Historical context: The first voluntary hospitals came into being in England to provide care for the poor after the Reformation, taking over the role previously performed by the monastic orders. Voluntary hospitals were privately endowed, often by a local landowner, but subsequently maintained by subscriptions and donations. Anyone was open to subscribe, and then became known as a governor or subscriber which entitled them to certain privileges. A Board of Management was appointed from the governors to administer the daily running of the hospital, usually with the help of a House Committee and a Finance Committee. Many local organizations adopted the hospitals and held fetes, garden parties and other fund raising events to raise money for the maintenance of the hospital and especially for the purchase of equipment. Many of the hospitals had contributory schemes which entitled a member of the scheme to medical treatment. The voluntary hospitals, unlike the large sprawling workhouse infirmaries, were usually small, containing as few as six or seven beds in some cases, and served the "deserving" poor of the immediate area. Voluntary hospitals would not generally admit the destitute or "undeserving" poor. In the early days of the voluntary hospitals the medical staff were usually unpaid, but it was considered to be prestigious to be appointed to the medical staff, who often maintained themselves by private practice. The nursing staff were on the whole either "Nightingale" nurses or had been trained at other nursing establishments. Voluntary hospitals could chose which patients to admit (then referring all other cases to the workhouse), and if their beds were full they could refuse to admit patients altogether. They did not take the chronic infirm, infectious cases or long term sick patients. Most of the voluntary hositals started life in cottages or other buildings, which were either bought by the governors or left by the benefactor. As the hospitals became more financially stable and more prestigious they were able to finance larger, purpose built buildings, often in the pavilion style with high ceilings and lofty corridors. On July 5th 1948 control of the voluntary hospitals passed from the Board of Management and therefore the local community to the Minister of Health.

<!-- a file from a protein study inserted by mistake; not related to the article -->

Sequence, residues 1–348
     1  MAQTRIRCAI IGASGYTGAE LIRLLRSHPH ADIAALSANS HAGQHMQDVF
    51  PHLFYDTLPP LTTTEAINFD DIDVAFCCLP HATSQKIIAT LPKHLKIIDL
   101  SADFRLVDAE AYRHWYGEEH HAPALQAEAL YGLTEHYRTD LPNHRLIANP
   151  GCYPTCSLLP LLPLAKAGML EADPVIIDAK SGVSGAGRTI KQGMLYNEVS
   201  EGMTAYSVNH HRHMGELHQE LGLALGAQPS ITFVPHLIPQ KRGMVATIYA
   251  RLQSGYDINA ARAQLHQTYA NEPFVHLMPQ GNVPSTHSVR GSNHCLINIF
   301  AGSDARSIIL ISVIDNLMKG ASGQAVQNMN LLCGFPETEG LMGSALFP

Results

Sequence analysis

References: Hosprec database; Hertfordshire Archives and Local Studies online catalogue; Harriet Richardson (ed), English Hospitals, 1660-1948: A Survey of their architecture and design, 1998; Hertford County Hospital History 150th Anniversary booklet, 1983
Name authority reference: GB/NNAF/C26420 (Former ISAAR ref: GB/NNAF/O91886 )
Number Description Held by Reference Further information
1838-1948: records incl various minute books and press cuttings books
Hertfordshire Archives and Local Studies
NRA 11973 Hertfordshire
c1900-1960: registers and other records
Hertfordshire Archives and Local Studies
See Annual Return 2002
1877: financial statement
Hertfordshire Archives and Local Studies
1880: reports and rules
Hertfordshire Archives and Local Studies
Related record creators
  Record creator Description of relationship Dates Category of relationship
Hertford County Hospital was subordinate to the North East Metropolitan Regional Hospital Board
Hertford County Hospital was subordinate to the North West Thames Regional Authority